This question is actually the reverse of what should be asked about this Theorem: why is it so famous within mathematics? Answers by mathematicians to this question assume their conceptual math problems are at the heart of this Theorem and thus ridicule its application to conceptual problems of formal logical explanations for anything else. This question as most answers to your question by mathematicians miss the point of both Godel’s Theorems specifically and of logic generally. Godel was a logician —- a classical logician —- not a mathematician. For Godel and for most logicians, logic is a rigorous formal language that avoids the vagueness of natural language. For Godel, logic was supposed to provide a formal language by which one can talk about reality directly and clearly by translating natural language sentences into formal language sentences or, for science at least, by eliminating the need for natural language sentences. For Godel, even mathematics could be translated into a formal language of logic. As a classical logician, Godel was trying to unite logic and mathematics; as for classical logic, the three classical axioms of logic consisting of identity, non-contradiction, and excluded middle are implicitly assumed so they would have to be assumed in any unity of math and logic.


For logic to be used as such a universal formal language, it runs into the same self-reference problem as do natural languages. The simplest example is usually the sentence: “this sentence is false”. If false, it is true; if true it is false. However a better example is: “the lowest positive integer not definable in under sixty letters”. Given there are a limited number of characters in any language alphabet formal or otherwise, there must exist such an integer; however, once you find it, it is defined by the letters in this sentence which total <60. So, even this sentence about numbers is always either incomplete or inconsistent.


What Godel did was express in mathematical logic this problem of self-reference in which self-referencing sentences always come out either incomplete or contradictory. He used mathematical logic because it is rigorously defined and lacks most of the vagueness and indeterminacy of natural language.


In logic and in mathematics, this problem of self-reference can be avoided by creating meta-languages that talk about object languages instead of themselves. Logicians now know that if they assume the right axioms or assumptions, they can pretty much create a formal logic that says anything they want it to say. So, for example, in para-consistent logics, Godel’s Theorem is not even really a theorem because contradictions do not mean anything beyond a specific sentence at issue. Mathematicians can avoid self-reference by the same means; i.e., creating a “True Arithmetic” that nominally has an infinite chain of axioms or meta-languages.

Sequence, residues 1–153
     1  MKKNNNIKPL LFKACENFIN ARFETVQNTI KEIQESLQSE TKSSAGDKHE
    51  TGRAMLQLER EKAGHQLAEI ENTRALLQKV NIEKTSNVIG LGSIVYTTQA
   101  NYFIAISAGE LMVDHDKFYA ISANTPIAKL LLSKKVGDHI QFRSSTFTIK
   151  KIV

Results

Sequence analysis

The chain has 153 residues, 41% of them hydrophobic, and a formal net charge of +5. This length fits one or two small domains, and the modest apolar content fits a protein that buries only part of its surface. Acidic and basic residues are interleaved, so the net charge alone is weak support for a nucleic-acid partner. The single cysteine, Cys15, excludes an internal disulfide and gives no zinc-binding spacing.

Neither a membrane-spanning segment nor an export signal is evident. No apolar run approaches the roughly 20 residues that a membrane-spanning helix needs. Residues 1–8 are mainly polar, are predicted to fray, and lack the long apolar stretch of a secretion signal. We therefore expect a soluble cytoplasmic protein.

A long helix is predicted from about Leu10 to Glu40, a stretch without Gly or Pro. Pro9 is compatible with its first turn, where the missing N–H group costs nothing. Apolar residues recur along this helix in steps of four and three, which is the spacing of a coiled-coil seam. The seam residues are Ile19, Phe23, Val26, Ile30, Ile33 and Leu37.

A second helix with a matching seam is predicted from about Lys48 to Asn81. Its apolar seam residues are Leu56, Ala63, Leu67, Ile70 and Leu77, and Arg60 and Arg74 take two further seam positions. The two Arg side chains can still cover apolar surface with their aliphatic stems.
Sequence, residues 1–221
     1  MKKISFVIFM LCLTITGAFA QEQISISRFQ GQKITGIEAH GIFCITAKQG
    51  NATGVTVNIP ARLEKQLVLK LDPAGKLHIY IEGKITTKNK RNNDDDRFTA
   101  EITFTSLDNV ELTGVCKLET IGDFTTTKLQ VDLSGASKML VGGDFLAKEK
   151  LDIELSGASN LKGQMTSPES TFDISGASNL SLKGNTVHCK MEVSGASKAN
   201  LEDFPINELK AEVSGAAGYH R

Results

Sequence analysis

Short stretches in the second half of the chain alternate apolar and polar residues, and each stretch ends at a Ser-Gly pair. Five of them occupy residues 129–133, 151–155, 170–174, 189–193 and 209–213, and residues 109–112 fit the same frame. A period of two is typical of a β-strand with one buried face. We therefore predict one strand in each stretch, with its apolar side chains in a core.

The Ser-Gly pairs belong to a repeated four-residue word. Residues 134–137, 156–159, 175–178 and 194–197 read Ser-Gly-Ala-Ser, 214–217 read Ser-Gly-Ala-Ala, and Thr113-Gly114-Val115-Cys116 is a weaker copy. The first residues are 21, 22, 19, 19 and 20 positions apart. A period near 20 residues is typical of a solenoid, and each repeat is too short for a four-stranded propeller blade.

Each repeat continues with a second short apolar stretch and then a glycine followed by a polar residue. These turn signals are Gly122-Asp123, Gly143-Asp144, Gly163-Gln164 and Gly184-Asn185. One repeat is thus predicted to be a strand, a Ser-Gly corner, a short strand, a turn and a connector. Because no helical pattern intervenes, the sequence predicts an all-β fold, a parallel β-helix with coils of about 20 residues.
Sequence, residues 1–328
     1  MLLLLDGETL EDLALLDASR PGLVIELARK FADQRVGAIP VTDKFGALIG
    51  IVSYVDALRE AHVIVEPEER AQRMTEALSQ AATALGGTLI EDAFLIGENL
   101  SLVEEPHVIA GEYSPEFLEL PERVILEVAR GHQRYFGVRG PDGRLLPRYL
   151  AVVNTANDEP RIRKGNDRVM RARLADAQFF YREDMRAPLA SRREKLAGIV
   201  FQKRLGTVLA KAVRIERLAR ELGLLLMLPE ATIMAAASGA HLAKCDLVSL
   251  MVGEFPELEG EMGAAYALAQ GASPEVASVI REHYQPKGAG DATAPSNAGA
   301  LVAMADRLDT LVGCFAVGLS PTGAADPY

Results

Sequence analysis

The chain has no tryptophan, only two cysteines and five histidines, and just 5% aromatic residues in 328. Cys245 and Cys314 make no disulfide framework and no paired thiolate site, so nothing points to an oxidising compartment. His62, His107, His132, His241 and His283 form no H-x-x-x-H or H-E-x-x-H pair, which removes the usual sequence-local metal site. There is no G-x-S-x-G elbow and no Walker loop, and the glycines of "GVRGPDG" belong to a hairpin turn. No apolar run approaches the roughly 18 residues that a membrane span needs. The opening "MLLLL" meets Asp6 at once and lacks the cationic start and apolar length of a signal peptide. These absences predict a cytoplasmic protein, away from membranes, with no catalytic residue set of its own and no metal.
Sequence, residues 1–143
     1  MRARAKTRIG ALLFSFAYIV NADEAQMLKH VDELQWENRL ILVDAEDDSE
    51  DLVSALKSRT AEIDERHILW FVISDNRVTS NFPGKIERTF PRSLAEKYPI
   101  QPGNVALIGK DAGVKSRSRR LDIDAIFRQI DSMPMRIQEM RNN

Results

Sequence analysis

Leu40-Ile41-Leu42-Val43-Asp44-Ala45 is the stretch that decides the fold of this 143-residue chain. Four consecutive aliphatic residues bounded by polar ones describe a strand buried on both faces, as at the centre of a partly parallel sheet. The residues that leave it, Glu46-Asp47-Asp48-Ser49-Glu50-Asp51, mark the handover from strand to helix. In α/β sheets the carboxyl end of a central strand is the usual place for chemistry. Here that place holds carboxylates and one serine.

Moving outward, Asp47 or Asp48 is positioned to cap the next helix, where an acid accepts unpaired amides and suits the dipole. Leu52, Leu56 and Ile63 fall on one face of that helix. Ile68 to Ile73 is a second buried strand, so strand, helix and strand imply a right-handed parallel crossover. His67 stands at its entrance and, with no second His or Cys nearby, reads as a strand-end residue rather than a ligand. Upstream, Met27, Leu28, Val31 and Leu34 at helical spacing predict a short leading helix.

However, regardless of how meaningful the concept of “infinity” is to the mind, machines and computers and anything in the real world dependent on a formal logic cannot have an an actual infinity of anything in their logic. Machine/computer logic cannot reason with an actual abstractly imagined “infinity” of axioms, things, relations, or whatever as your mind does and is doing when it creates any concept of self-reference requiring the classical axioms —- or not requiring them for that matter. A formal logic cannot create another formal logic without knowing or having truths outside its formal logic it can use to create another formal logic unless it is contradictory in which case it can create an infinity of other formal logics: it is either incomplete or inconsistent. Thus, colloquial summaries of Godel’s Theorems are accurate regardless of how mathematicians complain about their vagueness as are all natural language statements. The fact that the mind not only can understand and operate but prosper with both incomplete and contradictory logics so as to create conceptual realities it cannot talk about categorically differentiates it from the body, matter, or whatever words you use to differentiate active reality from passive reality. “It was the best of times, it was the worst of times, it was the age of wisdom, it was the age of foolishness, it was the epoch of belief, it was the epoch of incredulity, it was the season of Light, it was the season of Darkness, it was the spring of hope, it was the winter of despair, we had everything before us, we had nothing before us, we were all going direct to Heaven, we were all going direct the other way …”, so on and so forth for the mind and its creativity.